The Ice Age films - four and counting now - are a wholesome, entertaining laugh-riot for kids and a pleasant distraction for adults. And they come with one of cinema's best running jokes.
Yes, it's Scrat the sabre-toothed squirrel and his pursuit of an acorn that remains hilariously out of his reach.
The recurring gag often provides the best joke in each Ice Age film. He's been stepped on, struck by lightning, frozen in ice and dropped into a volcano. In the last film, a female sabre-toothed squirrel - a real trickster minx - seduces him out of his precious nut before both end up trapped in bubbles and performing a balletic battle for the lone prize.
In cinema terms, Scrat's acorn obsession is a perfect example of the "objet petit a" - unattainable object of desire - where an object remains out of the protagonist's reach in order to drive the plot forward. Other examples include the gasoline in Mad Max, the ark in Raiders of the Lost Ark and, most famously, the sleigh in Citizen Kane.
Okay, there ends the lesson in film theory. Yet Scrat's blind pursuit of his beloved nut not only kicks off the action in this giddy fourth instalment but comes to a hilarious, genius head.
In an effort to bury one of the giant nuts, Scrat causes the ice to crack and split. A chain reaction leads Manny (voice of Ray Romano), Diego (Denis Leary) and Sid (John Leguizamo) to become separated from the rest of the herd and cast adrift on an iceberg.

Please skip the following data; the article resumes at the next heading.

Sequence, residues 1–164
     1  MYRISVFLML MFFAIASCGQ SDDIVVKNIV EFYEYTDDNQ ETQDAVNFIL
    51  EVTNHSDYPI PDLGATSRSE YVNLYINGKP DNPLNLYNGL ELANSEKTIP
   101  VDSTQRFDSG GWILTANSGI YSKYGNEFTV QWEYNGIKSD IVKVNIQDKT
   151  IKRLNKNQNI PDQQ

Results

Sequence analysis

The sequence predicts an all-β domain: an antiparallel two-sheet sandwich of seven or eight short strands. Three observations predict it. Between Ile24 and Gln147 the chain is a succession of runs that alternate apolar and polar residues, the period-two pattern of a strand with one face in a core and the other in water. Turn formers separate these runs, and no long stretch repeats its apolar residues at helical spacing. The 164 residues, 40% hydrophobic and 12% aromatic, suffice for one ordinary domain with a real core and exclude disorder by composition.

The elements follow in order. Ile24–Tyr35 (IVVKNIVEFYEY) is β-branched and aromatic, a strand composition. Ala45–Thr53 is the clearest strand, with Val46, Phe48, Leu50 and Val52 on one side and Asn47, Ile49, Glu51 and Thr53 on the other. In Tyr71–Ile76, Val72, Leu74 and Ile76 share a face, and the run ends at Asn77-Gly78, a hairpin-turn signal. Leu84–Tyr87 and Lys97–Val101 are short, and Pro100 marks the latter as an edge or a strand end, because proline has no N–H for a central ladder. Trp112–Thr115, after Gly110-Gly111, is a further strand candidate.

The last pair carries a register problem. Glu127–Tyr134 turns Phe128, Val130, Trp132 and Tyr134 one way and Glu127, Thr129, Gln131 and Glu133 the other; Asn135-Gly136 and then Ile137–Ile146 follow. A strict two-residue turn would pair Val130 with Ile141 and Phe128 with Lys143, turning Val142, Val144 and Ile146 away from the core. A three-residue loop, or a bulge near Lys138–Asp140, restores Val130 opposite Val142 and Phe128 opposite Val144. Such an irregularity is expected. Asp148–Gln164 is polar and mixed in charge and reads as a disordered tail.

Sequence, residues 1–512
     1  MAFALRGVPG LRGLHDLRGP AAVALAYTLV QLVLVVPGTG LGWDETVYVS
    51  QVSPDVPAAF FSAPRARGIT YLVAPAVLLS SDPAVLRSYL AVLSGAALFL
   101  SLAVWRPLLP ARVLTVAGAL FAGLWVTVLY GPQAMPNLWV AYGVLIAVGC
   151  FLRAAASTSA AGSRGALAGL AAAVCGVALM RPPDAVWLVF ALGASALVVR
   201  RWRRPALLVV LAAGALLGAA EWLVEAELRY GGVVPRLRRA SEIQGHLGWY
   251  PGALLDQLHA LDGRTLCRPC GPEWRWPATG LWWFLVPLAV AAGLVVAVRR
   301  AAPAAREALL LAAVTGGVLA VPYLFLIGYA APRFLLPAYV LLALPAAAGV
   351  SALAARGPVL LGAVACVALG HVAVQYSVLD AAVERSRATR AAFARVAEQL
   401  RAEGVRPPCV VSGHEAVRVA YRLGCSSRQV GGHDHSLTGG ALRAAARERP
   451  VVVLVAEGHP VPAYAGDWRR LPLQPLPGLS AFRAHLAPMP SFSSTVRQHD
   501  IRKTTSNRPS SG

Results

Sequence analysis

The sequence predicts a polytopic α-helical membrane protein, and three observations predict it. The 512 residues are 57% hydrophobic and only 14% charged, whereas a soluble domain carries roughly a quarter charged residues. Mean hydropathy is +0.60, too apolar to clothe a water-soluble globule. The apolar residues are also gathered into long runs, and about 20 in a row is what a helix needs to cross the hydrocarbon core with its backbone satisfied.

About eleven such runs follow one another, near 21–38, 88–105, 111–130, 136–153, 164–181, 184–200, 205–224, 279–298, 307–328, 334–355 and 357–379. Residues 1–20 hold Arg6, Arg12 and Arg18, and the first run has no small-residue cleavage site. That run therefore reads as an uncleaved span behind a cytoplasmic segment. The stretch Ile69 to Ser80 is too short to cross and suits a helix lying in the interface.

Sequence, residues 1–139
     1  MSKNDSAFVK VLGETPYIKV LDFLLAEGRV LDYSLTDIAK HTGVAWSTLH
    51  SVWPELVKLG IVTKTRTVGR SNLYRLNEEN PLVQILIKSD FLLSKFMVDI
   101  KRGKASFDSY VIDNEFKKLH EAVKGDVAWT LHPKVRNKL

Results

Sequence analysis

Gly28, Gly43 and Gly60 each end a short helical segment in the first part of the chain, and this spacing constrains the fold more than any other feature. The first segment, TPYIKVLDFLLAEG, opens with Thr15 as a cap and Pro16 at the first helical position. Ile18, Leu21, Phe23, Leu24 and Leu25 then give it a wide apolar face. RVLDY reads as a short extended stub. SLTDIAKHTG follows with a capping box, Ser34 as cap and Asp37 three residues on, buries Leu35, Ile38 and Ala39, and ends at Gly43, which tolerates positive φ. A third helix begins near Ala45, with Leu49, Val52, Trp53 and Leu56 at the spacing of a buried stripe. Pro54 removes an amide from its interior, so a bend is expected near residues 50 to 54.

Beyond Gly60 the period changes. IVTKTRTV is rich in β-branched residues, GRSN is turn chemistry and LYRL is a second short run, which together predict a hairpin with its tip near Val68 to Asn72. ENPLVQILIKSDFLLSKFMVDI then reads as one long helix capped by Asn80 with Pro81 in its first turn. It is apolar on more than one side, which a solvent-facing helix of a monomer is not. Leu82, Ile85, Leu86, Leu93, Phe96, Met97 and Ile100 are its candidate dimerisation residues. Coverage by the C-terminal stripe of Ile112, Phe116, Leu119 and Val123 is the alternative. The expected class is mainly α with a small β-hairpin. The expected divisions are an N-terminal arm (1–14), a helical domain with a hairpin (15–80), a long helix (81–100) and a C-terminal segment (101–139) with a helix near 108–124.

Manny's wife Ellie (Queen Latifah) and now teenage daughter Peaches are left behind and in grave danger. It's up to Manny, Diego and Sid to find a way back and rescue the herd. But when they encounter an iceberg ship full of feral pirates led by a power-mad ape (Peter Dinklage), that's easier said than done.
The first 30 minutes of Continental Drift does just as the title says, drifts along like an iceberg as it introduces new characters and establishes the challenge at hand. Manny and co battle a storm, starvation and Sid's stinky toothless granny (Wanda Sykes) in their lonely iceberg-ship before they even tangle with those pirates.
But once the band of pirate-misfits enter the film, it hits its madcap straps, riffing heavily on Pirates of the Caribbean and adding some significant new voice talents to new characters, including Nick Frost as an elephant seal and Jennifer Lopez as an albino saber-tooth tiger. The ape Captain Gutt is a terrific character - cunning and vile and slightly scary - and the best villain of the franchise.
However, the rest of the herd is all but forgotten in lieu of the trio's battle with the pirates, and the burgeoning love between Peaches and her mole-friend Walter (Aziz Ansari) goes nowhere. But others make up for the flat spots and plot holes. The twin possum twits Crash and Eddie (Seann William Scott, Josh Peck) provide plenty of Three Stooges-style laughs, and Sid's gammy granny is a grab bag of guffaws.
Sure, the Ice Age films don't have the emotional gravitas or heavyweight storytelling of the Pixar films. But they are whimsical, lightweight fun and just as clever in their own right. This instalment is just as good as the other three. Yet Scrat's show-stopper finale - where he discovers the mother load of acorns - puts it over the top, and is worth the price of the admission alone.
Ice Age: Continental Drift is now screening.